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Kenneth Collerson and Marshall Weisler the University of Queensland, Australia have been studying 19 2,000 year old adzes which were excavated in the 1930’s from coral atolls in the Tuamotus, in the Pacific. Adzes are type of stone tool that function like a pick and resemble an axe. Their research, “Stone Adze Compositions and the Extent of Ancient Polynesian Voyaging and Trade” is now published in Science.

The axe part of the adzes are made of basalt, a type of volcanic rock which was not available in the Tuamotus because the Taumotus rose up fro the sea 800 years after these basal adzes were created. The basalt probably originated from Hawaii, one of the few volcanically active islands in the Pacific, around 2,000 years ago.

“Collerson, a geochemist who studies mantle processes, knew that basalts from different types of islands have a distinctive signature in their trace elements and isotope chemistries. So the team took centimetre-wide chunks from the adzes and compared them to a database they had compiled from sites throughout the Pacific.”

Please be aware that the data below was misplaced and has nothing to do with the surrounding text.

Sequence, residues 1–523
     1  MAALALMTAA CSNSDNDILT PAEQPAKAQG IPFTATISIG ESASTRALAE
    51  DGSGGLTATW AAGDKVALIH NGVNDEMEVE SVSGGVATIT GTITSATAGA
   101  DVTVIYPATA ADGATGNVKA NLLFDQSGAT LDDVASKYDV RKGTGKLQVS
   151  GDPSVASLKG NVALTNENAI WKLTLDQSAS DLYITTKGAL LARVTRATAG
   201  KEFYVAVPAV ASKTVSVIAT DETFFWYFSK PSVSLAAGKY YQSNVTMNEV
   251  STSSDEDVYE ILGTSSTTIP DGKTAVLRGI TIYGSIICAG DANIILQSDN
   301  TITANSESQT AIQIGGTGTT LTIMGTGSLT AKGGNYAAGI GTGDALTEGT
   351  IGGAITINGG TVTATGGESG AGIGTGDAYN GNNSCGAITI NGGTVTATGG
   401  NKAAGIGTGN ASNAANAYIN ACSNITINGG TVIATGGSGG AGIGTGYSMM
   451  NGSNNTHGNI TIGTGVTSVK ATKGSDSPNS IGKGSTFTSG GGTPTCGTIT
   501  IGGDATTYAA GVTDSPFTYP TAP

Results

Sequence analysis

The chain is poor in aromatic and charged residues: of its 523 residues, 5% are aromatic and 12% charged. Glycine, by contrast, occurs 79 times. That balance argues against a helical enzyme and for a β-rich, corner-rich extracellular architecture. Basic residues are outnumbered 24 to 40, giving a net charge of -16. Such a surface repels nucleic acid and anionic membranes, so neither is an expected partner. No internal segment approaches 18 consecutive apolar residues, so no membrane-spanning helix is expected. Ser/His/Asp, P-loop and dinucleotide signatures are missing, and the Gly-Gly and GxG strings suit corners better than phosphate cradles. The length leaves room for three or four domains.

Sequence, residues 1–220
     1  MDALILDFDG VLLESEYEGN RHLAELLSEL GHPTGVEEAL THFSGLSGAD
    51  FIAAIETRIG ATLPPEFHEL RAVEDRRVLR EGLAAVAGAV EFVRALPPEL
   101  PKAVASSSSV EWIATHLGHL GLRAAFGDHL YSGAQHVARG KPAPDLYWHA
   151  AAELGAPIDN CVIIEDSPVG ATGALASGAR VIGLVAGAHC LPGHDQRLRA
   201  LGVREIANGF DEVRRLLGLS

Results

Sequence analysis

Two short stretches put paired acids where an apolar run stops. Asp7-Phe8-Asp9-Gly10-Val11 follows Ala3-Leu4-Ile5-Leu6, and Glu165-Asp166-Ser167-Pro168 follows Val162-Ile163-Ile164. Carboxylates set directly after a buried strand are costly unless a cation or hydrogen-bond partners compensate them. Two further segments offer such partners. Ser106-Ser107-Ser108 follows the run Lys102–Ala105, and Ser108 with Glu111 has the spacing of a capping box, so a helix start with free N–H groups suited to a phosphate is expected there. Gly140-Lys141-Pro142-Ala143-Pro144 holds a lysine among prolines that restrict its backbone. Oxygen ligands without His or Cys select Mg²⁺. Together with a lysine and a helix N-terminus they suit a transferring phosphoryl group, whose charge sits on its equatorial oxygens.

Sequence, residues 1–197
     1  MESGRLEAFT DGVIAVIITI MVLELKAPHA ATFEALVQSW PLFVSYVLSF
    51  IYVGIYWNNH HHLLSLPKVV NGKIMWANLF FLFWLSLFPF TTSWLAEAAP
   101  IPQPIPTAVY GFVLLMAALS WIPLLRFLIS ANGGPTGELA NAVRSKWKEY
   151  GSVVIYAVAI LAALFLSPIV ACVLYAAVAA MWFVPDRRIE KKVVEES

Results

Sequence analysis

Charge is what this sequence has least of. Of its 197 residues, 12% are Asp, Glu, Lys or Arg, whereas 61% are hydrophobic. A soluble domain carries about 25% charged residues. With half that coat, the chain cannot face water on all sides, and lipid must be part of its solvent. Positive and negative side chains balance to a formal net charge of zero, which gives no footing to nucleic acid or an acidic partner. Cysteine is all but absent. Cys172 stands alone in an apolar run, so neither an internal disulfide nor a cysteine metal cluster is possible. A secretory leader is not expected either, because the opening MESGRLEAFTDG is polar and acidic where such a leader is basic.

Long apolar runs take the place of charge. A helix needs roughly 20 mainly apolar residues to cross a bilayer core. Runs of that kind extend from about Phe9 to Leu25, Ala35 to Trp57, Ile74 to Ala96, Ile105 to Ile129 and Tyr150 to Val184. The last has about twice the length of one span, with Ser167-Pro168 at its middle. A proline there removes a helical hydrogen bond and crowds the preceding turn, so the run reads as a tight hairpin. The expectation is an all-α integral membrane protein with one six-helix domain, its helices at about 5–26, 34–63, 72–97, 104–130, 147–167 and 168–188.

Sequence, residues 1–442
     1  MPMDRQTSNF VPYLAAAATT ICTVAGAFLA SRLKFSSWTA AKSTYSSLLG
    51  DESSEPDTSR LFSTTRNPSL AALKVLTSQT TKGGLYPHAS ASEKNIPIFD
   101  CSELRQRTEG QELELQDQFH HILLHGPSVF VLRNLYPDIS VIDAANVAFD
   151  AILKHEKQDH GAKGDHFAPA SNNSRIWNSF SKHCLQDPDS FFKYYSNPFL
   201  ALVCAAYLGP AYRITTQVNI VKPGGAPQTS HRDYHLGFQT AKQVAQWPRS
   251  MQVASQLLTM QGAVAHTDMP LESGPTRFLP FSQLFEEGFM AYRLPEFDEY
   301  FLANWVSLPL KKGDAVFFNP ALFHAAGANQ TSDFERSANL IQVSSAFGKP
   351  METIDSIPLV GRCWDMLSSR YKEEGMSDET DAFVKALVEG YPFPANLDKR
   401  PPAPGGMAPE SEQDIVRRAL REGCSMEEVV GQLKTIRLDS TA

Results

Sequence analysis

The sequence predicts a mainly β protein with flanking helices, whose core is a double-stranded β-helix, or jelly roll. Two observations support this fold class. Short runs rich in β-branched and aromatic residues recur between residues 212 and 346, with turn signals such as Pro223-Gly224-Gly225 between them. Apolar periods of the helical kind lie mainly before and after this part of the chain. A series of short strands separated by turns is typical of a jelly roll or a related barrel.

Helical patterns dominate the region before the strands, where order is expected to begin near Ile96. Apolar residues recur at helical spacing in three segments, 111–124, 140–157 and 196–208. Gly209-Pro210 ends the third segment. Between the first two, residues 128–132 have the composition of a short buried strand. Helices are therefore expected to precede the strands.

What they found out is pretty remarkable. The basalt from the adzes have matching signatures to basalt from the Marquesas, Pitcairn, and the Austral islands. The research confirmed that one adze had been fashioned from hawaiite, a type of basalt specifically from the island of Kaho’olawe. Collerson says commented that hawaiite’s chemical signature matches one other one,

“the only other possible location on the planet where it could have come from is one of the islands in the middle of the Atlantic.”

This indicates that about 2,000 years ago, Polynesians were extensively travel the Pacific. Which is nothing really ground breaking. We already knew that before 2,000 years ago, Samoans and Tongans hauled out eastward. They settled many different islands and archipelagos in the Pacific Ocean, including the Cook Islands, Tahiti, and the Marquesas Islands. Within 1,000 years ago they colonized most of these places.

So the Polynesian people were moving a lot around. The linguistic data supported it, and even so recently, chicken genetics gave us a clue about what Polynesian’s were doing in South America. And now some pretty solid archaeology and geology supports it.

I’m pretty sure anthropologist Geoffrey Irwin from University of Auckland is all happy about this study.

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